The Nuffield Trust has published a report backing patient-level costing in the NHS.
The short report examines the spread of PLICS across the English health service and looks at its impact on one trust in detail.
It concludes that PLICS can provide far more information about acute trust costs than the service-line reporting backed by Monitor or more traditional attempts to measure hospital costs.
However, it notes that to generate savings PLICS must be backed by management action to get clinicians to look at how their decisions affect costs, and to make changes that deliver care more efficiently.
As such, it argues that PLICS should be seen as a “long term investment” rather than a way of making short-term savings.
“When implemented well, [PLICS] provides a vast array of useful and accurate data on distributions of expenditure and profitability against income,” authors Ian Blunt and Martin Bardsley conclude.
“However, it relies on the provider to make use of this information in terms of influencing practice to become more efficient at setting prices.
“Despite this, trusts without access to high-quality cost information will find it challenging to ensure their efficiency savings are cutting waste, not care.”
Patient-level costing has its roots in the activity based costing systems developed in US manufacturing firms in the 1970s, and has been adopted by hospitals in the US and some parts of Europe.
The NHS has been relatively slow to adopt it, despite interest from the HFMA and Department of Health, with business intelligence experts split on whether the health service needs the level of costing information it supplies.
A DH study in 2011 found just under half of all NHS trusts had adopted PLICS, with another quarter interested in doing so.
The Nuffield Trust researchers examined the data available to one acute trust that introduced PLICS in 2007, and show that it should be able to compare its costs with tariff prices down to team, consultant and patient level.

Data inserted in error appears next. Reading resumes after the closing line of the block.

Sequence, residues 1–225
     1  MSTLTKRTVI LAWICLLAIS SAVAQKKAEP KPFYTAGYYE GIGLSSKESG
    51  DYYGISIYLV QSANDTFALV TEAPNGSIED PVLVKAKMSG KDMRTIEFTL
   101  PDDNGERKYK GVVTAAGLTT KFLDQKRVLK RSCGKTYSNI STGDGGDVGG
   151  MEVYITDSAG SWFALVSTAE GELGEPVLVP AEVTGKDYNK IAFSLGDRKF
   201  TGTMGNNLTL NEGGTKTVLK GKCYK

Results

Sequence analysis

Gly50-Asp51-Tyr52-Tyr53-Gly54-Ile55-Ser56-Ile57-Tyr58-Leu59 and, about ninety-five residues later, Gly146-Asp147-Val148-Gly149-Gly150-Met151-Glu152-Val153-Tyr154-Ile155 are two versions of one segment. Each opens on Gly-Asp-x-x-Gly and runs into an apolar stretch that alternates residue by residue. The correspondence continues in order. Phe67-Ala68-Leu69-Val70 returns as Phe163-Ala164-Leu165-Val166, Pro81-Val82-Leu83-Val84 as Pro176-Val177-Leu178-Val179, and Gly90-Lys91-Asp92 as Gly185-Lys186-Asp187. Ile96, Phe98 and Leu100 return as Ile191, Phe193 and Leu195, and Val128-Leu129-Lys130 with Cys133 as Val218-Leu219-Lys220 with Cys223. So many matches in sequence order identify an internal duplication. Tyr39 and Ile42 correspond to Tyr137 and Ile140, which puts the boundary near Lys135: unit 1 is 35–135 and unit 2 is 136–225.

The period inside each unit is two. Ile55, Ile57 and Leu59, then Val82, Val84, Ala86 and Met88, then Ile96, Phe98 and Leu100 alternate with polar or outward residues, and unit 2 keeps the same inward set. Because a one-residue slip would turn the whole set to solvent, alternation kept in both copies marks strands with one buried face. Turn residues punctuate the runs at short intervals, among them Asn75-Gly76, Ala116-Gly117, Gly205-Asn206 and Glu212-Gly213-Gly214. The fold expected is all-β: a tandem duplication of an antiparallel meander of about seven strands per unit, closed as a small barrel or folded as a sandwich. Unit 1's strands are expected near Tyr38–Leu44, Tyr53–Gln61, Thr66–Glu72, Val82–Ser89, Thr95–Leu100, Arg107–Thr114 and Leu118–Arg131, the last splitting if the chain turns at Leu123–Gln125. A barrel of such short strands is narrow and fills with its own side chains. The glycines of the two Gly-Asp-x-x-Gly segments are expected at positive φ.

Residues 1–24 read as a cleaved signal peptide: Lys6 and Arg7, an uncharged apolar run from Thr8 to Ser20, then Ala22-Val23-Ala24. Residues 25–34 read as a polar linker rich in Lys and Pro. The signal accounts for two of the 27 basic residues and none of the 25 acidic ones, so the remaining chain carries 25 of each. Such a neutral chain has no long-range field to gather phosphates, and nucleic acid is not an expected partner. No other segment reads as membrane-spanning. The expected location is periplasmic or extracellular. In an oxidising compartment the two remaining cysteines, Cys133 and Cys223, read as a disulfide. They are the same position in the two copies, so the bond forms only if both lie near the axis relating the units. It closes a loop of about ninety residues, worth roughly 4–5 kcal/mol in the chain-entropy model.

The unnamed trust is in financial balance only because it makes a surplus in some areas that offsets a deficit in others.
Therefore, the researchers imply that it needs to use PLICS data to make the kind of detailed efficiency savings that will make it less vulnerable to a change in its patient population or tariff prices.
Blunt and Bardsley add that PLICS can deliver other benefits, such as providing data for negotiations with commissioners, and supporting projects to redesign patient pathways.
Conversely, they warn that if clinical commissioners are not given access to PLICS data, they will be at even more of a disadvantage than other NHS commissioners have been.
“To guard against this, policy-makers could mandate some level of cost information-sharing between all providers and commissioners,” they argue.
They also warn that if trusts use PLICS effectively, they could pull out of some unprofitable areas, and this will need to be managed carefully.
“While locally this will be the job of the local clinical commissioning group, it will be important that in a ‘national’ health service there is monitoring to ensure continued equity of access. The primary responsibility here is that of the NHS Commissioning Board.”
© 2012 EHealth Media.
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